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Understanding Mexican Art with Professor Tom Fast

February 8th, 2023


On Tuesday February 7th, NDSU students had a unique opportunity to visit the Okayama Prefectural Museum of Art, where the exhibition, Modigliani, the Ecole de Paris and the Mexican Renaissance, was being held. It turns out that Dr. Fast studied Mexican Painting for his Master’s Degree at New York University and used to work in art galleries and museums before moving to Japan! So the students gained invaluable experience in learning about French and Mexican art in English. Read below to find out their impressions. 



In Mexican art, red and other bright colors were used, so I felt dynamic energy from them. I especially liked the works of Jose Guadalupe Posada, because they reminded me of "Remember Me" from Disney. I like them, and I got that impression very much.



I didn’t know Mexican art was influenced by 20th century French art. I was interested in foreign art, so I had a great time. I like Posada’s, Calavera Maderista.  When I saw it for the first time, I thought that the skeleton was something cheerful, because it has a wine bottle. I knew that skeletons are not to be feared in Mexican culture. So I was surprised that the painting was inspired by the Mexican Revolution. This experience made me more interested in Mexican arts and culture. 



I didn't know anything about Mexican art but after hearing Tom's explanation, I found it very interesting to learn about the history of art. I was surprised to learn that the story of the Disney film, “Remember Me,” is about Mexican culture. At first I thought the mask on the right side of the picture, Girl with Death Mask by Frida Kahlo (1938), was scary. However, this is not considered scary in Mexico. I think that knowing about painting leads to learning about the culture of a country.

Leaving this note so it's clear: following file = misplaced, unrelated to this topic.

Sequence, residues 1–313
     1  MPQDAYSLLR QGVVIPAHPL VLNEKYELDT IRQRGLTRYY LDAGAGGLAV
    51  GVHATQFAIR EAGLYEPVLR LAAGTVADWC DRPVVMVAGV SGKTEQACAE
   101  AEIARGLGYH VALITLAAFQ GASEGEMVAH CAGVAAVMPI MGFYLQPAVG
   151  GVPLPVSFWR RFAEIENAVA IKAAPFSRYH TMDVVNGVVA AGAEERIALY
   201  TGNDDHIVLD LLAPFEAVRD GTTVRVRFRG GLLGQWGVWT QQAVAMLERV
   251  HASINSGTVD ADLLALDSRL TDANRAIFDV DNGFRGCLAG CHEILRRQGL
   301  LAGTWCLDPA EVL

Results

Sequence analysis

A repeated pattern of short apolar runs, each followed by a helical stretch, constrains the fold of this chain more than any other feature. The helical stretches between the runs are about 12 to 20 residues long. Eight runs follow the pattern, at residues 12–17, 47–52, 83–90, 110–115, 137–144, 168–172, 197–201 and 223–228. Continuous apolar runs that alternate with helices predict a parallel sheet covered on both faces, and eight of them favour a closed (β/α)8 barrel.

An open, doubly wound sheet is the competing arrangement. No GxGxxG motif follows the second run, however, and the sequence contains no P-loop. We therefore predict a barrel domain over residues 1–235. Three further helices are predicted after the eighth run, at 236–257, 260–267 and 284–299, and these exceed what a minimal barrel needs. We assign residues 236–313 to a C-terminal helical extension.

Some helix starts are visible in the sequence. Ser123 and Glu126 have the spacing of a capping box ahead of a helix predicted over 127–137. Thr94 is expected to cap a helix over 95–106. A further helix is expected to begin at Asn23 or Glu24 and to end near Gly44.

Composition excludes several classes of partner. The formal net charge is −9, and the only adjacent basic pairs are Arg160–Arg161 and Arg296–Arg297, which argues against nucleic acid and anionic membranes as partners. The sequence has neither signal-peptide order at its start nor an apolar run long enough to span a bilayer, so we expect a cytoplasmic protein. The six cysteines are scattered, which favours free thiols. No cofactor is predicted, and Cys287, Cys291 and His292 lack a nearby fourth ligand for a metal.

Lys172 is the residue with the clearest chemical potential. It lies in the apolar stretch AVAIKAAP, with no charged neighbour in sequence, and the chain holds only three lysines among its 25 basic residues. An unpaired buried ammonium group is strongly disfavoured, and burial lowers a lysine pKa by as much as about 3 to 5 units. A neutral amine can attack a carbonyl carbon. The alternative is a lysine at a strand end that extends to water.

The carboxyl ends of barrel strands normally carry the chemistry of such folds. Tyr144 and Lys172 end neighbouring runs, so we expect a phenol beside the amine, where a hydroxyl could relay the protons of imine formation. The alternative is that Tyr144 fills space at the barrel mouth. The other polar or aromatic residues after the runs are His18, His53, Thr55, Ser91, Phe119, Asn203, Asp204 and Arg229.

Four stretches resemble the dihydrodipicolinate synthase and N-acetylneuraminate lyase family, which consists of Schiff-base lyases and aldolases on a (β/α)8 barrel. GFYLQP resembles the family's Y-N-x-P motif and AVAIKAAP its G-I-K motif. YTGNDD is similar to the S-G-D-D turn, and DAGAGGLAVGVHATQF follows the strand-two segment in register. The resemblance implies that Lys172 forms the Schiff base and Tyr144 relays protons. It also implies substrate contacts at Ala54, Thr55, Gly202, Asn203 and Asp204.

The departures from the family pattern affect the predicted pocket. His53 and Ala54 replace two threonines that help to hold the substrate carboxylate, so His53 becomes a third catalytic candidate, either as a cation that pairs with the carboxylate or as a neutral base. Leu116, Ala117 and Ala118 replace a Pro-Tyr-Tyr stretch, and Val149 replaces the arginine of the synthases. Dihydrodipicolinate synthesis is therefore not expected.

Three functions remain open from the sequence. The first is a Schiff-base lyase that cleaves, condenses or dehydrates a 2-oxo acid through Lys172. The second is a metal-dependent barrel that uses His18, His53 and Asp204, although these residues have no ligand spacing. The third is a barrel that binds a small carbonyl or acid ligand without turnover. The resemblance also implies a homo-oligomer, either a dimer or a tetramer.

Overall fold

I didn't know much about Mexican art, so I was really looking forward to this event. The most impressive was Frida Kahlo's Girl with Death Mask. When I first saw it, it was a little creepy, but when I looked at the label and heard Dr. Fast’s explanation, I knew that it was filled with Frida's wishes and thoughts, and it was very interesting to see. I thought this painting was conscious of the ‘Dia de muertos’(死者の日). The view that death is not something far away from living people and it is similar to Obon in Japan. It was exciting for me to learn culture or a painter's background by seeing paintings.



I didn't know about Mexican art at all, but I was surprised by the variety of colors. The first pictures I saw were some monotone art, but it gradually became colorful. I was especially fascinated by the red color unique to Mexico. The red color attracts people visually. Mexican red was the most vivid and fascinating of the red I have known. It was also fun to see the paintings with Dr. Fast's explanations. After knowing the background of the painter, I could see it differently. This tour made me want to visit more museums. I would like to appreciate the paintings while considering the meaning of each one.



I didn't know Mexican art at all, but I was able to learn about it by hearing Tom sensei's explanation. I thought the image of a skull was scary before seeing this exhibition, but the skulls painted in Mexican art are comical and cute. I don't remember the title of the picture that I was interested in, but it was by the artist, Rufino Tamayo. It was of a person burning in flames and showing distress. When I saw the picture before seeing the explanation, I thought it explained the person has stress and the person hurt himself or herself. To me the flames looked like thorns from his or her own stress. Looking at art from different directions, I was able to interpret it in various ways. I thought it was very fun, so I would like to visit some museums and look at art again.


As you can see, the students had a great time at the exhibition and were able to see the paintings, not only as decorative art but as windows into other cultures. If you have some free time this spring, why don’t you go to a museum! Art is a great way to learn about the lives and cultures of others.